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Guide to International and Foreign Law Research

Important Terms

Both customary international law and general principles of law are defined in Article 38 of the International Court of Justice Statutes as sources of law.

Customary International Law is a body of legal rules that restrict the activities of states and are not written down or codified in any particular source.  Customary international law arises when a significant number of states consistently engage in a pattern of behavior AND the conviction has developed among states that this behavior is required by international law (otherwise known as opinio juris).

State practice is generally determined by two factors: (1) the number of states that behave in accordance with the practice; and (2) the length of time over which those states have behaved in accordance with the practice.

Opinio juris is the general believe that the observed state practice is legally obligatory.

General Principles of Law are legal ideas that are so fundamental that they transcend all national borders (for example, the idea that every legal wrong must occasion a legal means of redressing that wrong).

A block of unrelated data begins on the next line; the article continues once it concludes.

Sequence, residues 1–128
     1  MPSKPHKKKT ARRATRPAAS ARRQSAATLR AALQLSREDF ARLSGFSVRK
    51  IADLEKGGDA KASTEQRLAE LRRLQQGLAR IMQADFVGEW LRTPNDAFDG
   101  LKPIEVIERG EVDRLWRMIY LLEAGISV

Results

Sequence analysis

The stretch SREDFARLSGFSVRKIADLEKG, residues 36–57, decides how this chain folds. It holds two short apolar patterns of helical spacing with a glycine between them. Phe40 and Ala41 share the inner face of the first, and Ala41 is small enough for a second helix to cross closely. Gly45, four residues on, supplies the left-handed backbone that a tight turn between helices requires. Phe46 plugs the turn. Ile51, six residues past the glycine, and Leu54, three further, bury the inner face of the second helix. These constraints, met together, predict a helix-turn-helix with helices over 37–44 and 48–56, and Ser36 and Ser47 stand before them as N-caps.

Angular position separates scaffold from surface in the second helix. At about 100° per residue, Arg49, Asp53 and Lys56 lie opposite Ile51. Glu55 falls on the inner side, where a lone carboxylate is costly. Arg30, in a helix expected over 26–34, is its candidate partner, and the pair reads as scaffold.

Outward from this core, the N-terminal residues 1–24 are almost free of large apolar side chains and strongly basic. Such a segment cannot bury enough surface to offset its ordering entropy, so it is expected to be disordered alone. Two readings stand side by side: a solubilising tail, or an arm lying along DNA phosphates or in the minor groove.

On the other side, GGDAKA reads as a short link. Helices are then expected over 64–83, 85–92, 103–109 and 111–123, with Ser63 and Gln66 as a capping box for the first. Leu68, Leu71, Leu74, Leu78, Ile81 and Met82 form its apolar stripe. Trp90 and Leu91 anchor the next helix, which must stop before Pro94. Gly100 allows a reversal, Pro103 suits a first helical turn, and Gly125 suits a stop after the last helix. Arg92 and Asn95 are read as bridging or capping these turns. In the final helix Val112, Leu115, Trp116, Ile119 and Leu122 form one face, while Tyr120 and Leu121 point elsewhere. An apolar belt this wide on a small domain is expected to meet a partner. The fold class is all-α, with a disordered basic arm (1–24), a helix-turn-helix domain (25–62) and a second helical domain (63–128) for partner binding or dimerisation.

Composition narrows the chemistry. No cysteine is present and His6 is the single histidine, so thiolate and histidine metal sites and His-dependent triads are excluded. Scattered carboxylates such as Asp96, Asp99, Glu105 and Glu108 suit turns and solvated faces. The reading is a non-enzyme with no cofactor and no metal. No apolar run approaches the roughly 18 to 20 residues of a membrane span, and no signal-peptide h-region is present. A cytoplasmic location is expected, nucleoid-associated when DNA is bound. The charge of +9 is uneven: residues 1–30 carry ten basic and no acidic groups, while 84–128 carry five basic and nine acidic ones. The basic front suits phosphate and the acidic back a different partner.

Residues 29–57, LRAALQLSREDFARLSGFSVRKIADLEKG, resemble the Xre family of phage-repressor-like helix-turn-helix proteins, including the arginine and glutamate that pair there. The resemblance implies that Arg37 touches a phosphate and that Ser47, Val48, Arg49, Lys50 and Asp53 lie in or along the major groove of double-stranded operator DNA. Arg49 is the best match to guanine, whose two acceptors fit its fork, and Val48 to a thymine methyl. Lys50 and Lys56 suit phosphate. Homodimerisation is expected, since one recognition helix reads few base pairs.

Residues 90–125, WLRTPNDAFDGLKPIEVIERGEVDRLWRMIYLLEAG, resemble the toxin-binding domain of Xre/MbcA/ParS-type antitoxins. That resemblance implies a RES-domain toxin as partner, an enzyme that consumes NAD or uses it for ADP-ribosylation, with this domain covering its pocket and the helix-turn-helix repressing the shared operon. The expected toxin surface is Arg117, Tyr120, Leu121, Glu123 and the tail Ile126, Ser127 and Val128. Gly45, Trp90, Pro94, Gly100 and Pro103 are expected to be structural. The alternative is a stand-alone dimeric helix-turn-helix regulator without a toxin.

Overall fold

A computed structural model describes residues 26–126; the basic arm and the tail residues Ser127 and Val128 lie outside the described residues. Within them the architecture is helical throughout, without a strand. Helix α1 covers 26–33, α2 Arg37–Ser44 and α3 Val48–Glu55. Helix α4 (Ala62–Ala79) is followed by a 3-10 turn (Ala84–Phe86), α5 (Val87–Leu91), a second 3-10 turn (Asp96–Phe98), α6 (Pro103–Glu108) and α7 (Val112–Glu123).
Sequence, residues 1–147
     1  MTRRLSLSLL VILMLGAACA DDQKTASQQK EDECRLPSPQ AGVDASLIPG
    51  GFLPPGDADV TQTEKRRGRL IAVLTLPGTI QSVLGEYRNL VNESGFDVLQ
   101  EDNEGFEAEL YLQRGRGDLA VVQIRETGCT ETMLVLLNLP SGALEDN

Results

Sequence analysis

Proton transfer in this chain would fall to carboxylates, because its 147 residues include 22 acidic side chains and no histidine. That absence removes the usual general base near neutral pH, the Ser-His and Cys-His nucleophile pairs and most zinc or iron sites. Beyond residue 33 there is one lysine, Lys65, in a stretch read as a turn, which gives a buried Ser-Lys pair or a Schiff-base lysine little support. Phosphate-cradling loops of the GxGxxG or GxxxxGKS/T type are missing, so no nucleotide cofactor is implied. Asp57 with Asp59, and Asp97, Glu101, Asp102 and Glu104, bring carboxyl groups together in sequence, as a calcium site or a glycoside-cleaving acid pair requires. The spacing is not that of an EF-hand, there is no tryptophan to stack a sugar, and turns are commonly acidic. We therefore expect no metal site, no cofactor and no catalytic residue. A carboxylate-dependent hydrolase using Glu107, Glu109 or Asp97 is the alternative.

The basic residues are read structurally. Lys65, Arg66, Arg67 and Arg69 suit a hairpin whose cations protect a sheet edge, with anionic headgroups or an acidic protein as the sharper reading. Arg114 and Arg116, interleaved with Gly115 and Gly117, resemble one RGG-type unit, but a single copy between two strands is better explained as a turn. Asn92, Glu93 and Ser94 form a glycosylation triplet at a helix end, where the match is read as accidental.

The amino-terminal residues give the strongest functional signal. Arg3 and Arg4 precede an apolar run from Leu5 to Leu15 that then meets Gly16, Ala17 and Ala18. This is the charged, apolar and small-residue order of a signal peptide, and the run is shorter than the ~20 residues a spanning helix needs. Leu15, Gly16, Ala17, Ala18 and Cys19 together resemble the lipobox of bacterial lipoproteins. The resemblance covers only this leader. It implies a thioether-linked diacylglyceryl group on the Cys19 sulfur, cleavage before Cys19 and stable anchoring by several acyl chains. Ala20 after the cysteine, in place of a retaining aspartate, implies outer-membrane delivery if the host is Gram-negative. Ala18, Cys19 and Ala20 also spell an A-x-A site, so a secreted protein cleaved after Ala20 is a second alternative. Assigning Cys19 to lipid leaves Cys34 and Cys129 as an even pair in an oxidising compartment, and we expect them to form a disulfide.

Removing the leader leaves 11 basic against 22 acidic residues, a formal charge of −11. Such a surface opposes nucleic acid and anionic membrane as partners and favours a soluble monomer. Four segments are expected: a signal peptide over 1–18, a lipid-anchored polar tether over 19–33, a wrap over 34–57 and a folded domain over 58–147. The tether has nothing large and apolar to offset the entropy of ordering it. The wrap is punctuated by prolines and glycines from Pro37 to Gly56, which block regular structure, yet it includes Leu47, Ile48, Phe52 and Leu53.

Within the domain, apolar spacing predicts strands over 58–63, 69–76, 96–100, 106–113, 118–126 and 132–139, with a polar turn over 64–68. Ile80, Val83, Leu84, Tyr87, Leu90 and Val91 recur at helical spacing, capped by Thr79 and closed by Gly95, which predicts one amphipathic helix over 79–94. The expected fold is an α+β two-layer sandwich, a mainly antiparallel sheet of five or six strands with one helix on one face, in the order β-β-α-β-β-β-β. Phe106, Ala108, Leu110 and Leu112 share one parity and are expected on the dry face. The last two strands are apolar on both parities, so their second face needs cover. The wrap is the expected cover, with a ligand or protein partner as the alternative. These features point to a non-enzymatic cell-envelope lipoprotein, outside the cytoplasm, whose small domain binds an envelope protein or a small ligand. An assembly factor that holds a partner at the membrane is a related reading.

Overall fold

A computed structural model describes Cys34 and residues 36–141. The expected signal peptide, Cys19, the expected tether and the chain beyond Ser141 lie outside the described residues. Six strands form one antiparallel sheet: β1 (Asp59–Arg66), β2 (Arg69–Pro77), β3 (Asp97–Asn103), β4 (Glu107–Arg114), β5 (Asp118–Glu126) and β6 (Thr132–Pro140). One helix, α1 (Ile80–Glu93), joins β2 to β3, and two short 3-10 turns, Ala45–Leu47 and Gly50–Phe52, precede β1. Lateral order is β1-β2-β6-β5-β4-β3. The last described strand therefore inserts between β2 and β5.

Researching Customary Law

Researching customary international law is perhaps the most laborious type of international law research.  The most rigorous approach would be finding real world evidence of state practice, and then separately finding evidence of opinio juris supporting that practice.  Most frequently, however, research consult secondary sources, which may argue that certain customary rules exist.  The best secondary sources will contain detailed information about the primary sources from which the rules were derived, allowing the researcher to work backwards to build a case that a certain rule of customary law in fact exists.

The following resources are some of the helpful starting places when formulating research on customary law:

 Max Planck Encyclopedia of Public International Law: Customary Law

This online encyclopedia has a very detailed article and research guide on understanding and researching customary law. Max Planck is available through the law school. You can access it at the law school directly by clicking the link above on any law school computer or from home by logging into the Law Library's electronic resources.


Customary International Law and Treaties (2d ed.) by Mark Eugen Villiger: KZ1277.V55 1997

This book provides an in-depth explanation of the origins of customary law, as well as a modern discussion of the ways in which the different sources of international law interact.


Customary International Law: A New Theory with Practical Implications by Brian D. Lepard: KZ1277.L47 2010

This book takes an interdisciplinary approach to the origins and issues associated with determining customary international law. It delves into the interplay between politics, diplomacy, and ethics in determining state practice and opinio juris.


Practice and Methods of International Law by Shabtai Rosenne: KZ3405.R66 A377 1984

Chapter III of this book provides great insight into the sources of customary international law and the distinctions between state practice and official conventions.